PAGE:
In Bigelow on Fraud, 184, it is said that, "If a party with knowledge that a fraud has been perpetrated upon him in a particular transaction, confirmed the transaction by making new agreements or engagements respecting it or by retaining and using the subject of it after knowledge, or otherwise recognize it as binding, he thereby waives the right to treat it as invalid and abandon his right to rescind if it be a case of contract, or to redress if it be a tort not attended with a contract with the wrong-doer. If the fraud result in a contract, performance of the same after discovering that it was fraudulently obtained by the opposite party, does not preclude a person from suing for damages on account of the fraud. The injured party may retain the benefits of the contract, confirm its validity, and still recover damages for the fraud by which he was induced to make it; or he may recoup any damages which he has sustained if the opposite party sue him for money due on the contract, or other failure to perform it." * * * And again, "There must be something equivalent to a ratification of the contract after discovery of the fraud; and this may be either by acts of express recognition of its binding force or by allowing the other party to proceed upon it and change his position, or by the intervention of the rights and interests of third innocent persons. But such facts as these merely preclude the injured party from repudiating the contract. He may still bring an action for the damage sustained by being drawn into the contract, even though the contract has passed into judgment."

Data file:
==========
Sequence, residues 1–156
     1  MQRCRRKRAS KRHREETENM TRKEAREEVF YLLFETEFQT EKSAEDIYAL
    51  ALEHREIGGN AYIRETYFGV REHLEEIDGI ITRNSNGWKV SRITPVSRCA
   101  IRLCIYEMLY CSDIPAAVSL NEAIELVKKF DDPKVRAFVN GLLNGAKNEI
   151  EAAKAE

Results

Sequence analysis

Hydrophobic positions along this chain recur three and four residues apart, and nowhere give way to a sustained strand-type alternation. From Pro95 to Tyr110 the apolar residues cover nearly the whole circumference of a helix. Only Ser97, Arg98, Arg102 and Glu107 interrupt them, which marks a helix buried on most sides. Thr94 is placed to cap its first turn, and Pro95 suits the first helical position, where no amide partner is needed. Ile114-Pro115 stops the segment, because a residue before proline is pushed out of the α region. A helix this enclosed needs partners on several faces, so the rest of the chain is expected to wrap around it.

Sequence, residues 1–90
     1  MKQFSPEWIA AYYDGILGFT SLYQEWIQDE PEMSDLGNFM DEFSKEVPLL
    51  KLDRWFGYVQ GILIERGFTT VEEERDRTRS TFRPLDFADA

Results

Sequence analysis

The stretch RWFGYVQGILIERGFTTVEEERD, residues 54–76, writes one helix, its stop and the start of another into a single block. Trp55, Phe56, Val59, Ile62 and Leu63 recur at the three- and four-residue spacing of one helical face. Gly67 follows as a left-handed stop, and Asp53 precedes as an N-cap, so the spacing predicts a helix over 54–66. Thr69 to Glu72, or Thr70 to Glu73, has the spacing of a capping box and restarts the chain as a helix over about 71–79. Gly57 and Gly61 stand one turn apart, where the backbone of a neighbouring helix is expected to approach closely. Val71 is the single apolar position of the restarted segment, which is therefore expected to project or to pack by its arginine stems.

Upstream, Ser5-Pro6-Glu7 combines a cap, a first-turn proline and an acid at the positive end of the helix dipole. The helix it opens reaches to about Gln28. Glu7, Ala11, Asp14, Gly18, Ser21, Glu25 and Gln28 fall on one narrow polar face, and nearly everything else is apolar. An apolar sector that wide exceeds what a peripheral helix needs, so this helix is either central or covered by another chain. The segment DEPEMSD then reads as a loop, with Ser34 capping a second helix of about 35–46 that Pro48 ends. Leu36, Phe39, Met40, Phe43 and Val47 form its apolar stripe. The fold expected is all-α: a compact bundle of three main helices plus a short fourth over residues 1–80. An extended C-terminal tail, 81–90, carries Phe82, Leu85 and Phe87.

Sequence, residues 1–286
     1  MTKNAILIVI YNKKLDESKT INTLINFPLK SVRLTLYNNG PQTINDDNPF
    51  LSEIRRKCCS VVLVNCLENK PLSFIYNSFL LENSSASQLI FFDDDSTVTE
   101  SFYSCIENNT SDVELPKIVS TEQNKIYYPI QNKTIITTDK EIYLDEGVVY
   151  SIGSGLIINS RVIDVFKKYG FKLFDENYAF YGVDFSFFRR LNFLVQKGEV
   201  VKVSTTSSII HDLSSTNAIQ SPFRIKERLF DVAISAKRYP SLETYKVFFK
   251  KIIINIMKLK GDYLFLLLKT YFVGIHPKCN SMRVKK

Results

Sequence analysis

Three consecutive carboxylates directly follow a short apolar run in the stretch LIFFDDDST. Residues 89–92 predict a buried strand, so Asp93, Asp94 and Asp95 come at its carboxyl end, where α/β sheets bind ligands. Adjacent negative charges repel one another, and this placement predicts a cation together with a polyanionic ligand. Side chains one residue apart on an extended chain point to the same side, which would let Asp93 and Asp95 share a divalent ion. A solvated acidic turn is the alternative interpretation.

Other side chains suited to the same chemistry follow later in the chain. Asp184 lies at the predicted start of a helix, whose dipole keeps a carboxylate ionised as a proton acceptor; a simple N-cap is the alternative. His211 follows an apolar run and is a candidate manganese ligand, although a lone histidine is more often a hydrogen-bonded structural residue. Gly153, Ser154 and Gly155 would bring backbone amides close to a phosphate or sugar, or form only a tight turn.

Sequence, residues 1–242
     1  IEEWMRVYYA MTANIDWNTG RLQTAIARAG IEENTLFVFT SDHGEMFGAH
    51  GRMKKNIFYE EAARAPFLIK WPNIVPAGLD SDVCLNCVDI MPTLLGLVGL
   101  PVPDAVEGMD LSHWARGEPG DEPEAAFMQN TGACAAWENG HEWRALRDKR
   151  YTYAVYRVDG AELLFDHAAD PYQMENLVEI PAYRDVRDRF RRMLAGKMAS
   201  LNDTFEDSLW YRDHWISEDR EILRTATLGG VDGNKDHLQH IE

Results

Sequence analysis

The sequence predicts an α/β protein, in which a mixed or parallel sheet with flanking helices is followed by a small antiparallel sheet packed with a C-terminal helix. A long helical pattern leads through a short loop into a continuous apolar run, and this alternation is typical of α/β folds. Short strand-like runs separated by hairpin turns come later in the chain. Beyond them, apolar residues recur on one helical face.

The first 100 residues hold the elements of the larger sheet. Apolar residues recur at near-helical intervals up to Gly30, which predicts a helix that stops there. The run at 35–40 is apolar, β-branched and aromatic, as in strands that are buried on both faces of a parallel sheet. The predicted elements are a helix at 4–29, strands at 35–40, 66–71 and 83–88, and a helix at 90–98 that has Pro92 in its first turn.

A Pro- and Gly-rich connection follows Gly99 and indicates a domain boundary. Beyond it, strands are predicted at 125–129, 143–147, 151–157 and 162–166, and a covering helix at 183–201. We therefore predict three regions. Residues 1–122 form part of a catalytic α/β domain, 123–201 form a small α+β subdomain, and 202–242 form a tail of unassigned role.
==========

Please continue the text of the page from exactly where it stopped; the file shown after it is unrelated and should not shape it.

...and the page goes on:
In Cooley on Torts, 505, it is said that "Fraud may be waived by an express affirmance of the contract. Where an affirmance is relied upon, it should appear that the party having a right to complain of the fraud freely and with a full knowledge of his rights in some form clearly manifested his intention to abide by the contract and waive any remedy he might have had for the deception."
And in St. John v. Hendrickson ( 81 Ind. 350-352), it is said that "There may be waiver of a right to recover damages for the loss resulting from false and fraudulent representations by an express affirmance. It is essential to such a waiver that the party should possess full knowledge of the fraud practiced upon him; that he should intend to confirm the contract and abandon all right to recover for the loss resulting from the fraud." * * * And again the court says, "We fully recognize and approve the rule that a party may retain what he received and stand to his bargain and recover for the loss caused him by the fraud. * * * We neither hold nor mean to hold that affirmance by retention of the thing bargained for cuts off an action for damages. We do hold that where a party with full knowledge of all the material facts, does an act which indicates his intention to stand to the contract and waive all right of action for the fraud, he cannot maintain an action for the original wrong practiced upon him. Where the affirmance of the contract is equivalent to a ratification, all right of action is gone. It is only equivalent to a ratification when made with full knowledge of the fraud and of all material facts and with the intention of abiding by the contract and waiving all right to recover for the deception."